Barbara advises to approach a comfortable recipe but remember those five essential flavors: sweet, sour, bitter, salty and umami. Those five flavors are the beginnings of any delicious, flavorful dish.  Barbara approaches building and creating with the same awareness of fundamental patterns.  “Then you can begin to see what is the fundamental pattern of a great house or a great salsa,” she says. “Cooking is no different from building and in the end you get something to eat that is fun and delicious and social” says Barbara. With the Prickly Pear Borscht recipe from the book, Barbara looked for the five essential flavors and incorporated them into her understanding of her family’s favorite borscht recipe from her Eastern European roots. You will note that her recipe is only three sentences long! The fundamental pattern of the borscht is to sour or ferment the beets, in this case with the prickly pear juice.

The last principle, Barbara states, is to honor the people and place of the Sonoran Desert.  For Desert Harvesters that means caring for and replanting or re-wilding your neighborhood, community garden and yard with Sonoran desert plants.

Barbara at Bean Tree Farm and the Desert Harvesters espouse a philosophy steeped in this ethic. Their base is an appreciation and respect of place, plants, and people who share knowledge of the desert.  This awareness comes from seeing your part in the natural system as Barbara says and finding out what is your role in it.  “Whether it’s a business, building or a salsa, it needs to be place-based, contributing to the natural system in which it is nested.”

Isabella’s Ice Cream: Name the Flavor Fun this weekend!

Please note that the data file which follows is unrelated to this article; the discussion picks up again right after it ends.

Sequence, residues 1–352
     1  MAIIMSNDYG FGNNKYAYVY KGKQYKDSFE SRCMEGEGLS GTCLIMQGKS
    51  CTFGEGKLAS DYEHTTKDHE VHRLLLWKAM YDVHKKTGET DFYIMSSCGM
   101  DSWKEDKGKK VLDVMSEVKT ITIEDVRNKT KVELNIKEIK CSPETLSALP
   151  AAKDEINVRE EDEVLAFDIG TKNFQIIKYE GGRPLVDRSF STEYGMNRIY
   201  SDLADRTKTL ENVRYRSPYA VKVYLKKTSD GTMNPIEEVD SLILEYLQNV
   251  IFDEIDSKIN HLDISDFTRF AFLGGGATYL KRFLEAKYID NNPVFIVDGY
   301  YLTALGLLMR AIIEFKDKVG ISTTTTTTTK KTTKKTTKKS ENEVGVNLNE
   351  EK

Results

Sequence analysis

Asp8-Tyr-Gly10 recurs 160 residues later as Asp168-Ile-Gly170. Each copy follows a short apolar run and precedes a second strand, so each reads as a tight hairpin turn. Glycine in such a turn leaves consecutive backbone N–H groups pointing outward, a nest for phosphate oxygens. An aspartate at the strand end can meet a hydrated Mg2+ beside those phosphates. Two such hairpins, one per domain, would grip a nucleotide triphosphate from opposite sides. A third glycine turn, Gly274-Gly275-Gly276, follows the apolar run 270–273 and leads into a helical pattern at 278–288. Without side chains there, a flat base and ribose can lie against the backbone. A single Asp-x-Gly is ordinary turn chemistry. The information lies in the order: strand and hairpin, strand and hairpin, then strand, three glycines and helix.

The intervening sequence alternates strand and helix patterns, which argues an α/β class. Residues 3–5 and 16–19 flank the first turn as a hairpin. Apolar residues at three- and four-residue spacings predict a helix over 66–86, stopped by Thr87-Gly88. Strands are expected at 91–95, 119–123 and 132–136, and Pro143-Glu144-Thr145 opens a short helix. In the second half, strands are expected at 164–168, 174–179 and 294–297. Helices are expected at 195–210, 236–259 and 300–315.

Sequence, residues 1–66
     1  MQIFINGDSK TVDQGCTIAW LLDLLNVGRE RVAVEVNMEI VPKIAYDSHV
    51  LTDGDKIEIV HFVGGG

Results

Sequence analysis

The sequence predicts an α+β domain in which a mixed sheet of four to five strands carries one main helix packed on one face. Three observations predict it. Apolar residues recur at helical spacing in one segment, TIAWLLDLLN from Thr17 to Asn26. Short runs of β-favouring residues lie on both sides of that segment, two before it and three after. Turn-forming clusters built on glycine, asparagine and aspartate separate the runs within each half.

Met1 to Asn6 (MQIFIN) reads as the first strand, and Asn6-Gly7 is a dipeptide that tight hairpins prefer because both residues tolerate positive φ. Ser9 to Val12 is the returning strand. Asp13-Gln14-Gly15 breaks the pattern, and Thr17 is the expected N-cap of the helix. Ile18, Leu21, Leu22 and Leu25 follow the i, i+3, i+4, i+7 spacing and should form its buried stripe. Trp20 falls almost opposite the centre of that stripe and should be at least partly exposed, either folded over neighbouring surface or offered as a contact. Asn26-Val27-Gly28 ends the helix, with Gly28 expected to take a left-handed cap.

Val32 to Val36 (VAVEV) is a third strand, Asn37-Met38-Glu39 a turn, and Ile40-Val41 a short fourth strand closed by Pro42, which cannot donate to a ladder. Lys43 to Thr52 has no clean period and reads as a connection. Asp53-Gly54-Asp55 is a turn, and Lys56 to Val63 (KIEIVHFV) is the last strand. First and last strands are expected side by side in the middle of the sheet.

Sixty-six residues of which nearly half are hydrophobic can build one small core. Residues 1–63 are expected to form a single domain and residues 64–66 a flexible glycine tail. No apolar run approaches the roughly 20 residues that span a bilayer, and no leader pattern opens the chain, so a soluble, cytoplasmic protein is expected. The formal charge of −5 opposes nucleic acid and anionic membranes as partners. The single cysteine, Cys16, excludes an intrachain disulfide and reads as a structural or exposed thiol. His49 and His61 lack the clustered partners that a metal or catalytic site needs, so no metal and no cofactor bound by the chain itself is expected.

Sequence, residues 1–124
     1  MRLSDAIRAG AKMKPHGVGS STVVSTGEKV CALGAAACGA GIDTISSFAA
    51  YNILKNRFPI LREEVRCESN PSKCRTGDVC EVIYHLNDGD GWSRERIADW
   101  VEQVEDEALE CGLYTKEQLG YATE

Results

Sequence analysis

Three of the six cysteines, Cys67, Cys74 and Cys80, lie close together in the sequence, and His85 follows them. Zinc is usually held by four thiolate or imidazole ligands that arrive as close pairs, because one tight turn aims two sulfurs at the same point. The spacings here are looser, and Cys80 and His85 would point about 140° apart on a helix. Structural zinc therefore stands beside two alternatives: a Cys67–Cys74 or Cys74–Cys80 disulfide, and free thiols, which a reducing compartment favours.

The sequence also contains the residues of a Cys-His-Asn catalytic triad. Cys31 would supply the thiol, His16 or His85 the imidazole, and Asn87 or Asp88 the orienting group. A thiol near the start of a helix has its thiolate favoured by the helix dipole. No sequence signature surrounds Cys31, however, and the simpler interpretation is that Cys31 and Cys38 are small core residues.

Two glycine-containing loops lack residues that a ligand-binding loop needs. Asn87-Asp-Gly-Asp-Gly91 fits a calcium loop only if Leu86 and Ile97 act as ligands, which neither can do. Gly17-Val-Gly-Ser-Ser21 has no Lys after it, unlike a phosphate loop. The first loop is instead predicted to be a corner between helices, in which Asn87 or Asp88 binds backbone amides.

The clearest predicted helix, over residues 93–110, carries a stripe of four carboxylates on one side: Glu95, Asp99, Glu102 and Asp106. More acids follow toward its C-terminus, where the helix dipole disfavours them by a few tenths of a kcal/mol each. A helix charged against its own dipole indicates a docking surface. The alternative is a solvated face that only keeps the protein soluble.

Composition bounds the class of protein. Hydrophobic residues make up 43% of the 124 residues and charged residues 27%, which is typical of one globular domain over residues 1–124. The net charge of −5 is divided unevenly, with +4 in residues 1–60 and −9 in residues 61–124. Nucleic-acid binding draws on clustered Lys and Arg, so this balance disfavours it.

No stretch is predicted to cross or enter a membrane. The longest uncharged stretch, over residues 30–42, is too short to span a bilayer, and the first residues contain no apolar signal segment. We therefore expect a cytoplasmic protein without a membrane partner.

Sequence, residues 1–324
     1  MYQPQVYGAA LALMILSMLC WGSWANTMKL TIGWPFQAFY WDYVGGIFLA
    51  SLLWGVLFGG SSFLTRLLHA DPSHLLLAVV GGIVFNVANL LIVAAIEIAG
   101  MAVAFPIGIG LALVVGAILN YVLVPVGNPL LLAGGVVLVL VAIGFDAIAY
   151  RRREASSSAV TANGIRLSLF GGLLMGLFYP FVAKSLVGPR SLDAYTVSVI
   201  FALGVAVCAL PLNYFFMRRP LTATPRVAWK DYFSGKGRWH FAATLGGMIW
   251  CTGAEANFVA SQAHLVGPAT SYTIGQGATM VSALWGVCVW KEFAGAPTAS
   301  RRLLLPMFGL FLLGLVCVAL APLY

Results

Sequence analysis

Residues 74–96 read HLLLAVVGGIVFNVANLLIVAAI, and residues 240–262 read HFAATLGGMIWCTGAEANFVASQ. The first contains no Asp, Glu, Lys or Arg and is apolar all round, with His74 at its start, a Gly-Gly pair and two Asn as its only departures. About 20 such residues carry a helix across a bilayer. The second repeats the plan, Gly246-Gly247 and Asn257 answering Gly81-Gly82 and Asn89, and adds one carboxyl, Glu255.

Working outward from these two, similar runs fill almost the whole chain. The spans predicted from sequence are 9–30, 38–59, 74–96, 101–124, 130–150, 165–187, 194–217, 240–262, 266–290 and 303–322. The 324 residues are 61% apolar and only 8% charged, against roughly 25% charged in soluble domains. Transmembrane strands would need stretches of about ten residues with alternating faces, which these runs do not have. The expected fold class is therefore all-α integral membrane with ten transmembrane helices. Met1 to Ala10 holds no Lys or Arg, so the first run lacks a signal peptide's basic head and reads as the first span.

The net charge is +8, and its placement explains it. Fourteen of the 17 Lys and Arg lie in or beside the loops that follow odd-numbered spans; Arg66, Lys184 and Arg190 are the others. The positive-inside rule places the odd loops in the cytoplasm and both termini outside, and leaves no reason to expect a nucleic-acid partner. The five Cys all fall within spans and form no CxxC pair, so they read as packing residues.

Isabella’s 1927 model T has become a Tucson icon, recognized at events throughout the city, like Cyclovia. Just one look at that model T and your mouth waters! But you don’t have to chase down the revamped, solar-powered model T to sample the company’s fabulous ice cream. At the Co-op’s birthday sale on Saturday, February 3, 2018 we will host an Isabella’s Ice Cream tasting from 2:00 – 4:00pm. Isabella’s will create two new custom flavors horchata and a prickly pear sorbet to help us celebrate…and Co-op customers will help name them! Create a name that captures the essence and spirit of each new flavor and enter our “Name the Flavor” contest for the chance to win a free pint!

Food Conspiracy Co-op has been selling Isabella’s Ice Cream since 2011 and was the first store to stock it. We like Isabella’s products because they are designed to be environmentally conscious, from the careful sourcing of ingredients to the responsible selection of materials used for packaging.  The ice cream is hand-crafted at Isabella’s 4th Avenue shop from fresh cream and milk purchased from family-owned, independent dairies in Arizona. They produce unique flavors like spicy chocolate, desert honey, and organic lavender. Product packaging uses no adhesives and containers are 100 % recyclable.  Their manufacturing facility also prides itself on being water conscious, recycling the water used during production to save 5 gallons per minute.

In the coming weeks, when the Co-op’s birthday celebration is over, you’ll find Isabella’s newly-named, custom flavors for sale in our freezer section. If you’re hankering to try some of Isabella’s other fabulous flavors, you can stroll down to their shop at 210 North 4th Avenue just a few blocks south of the Co-op.

Check Isabella’s Ice Cream website at www.isabellasicecream.com to learn more about its products and inquire about its catering services.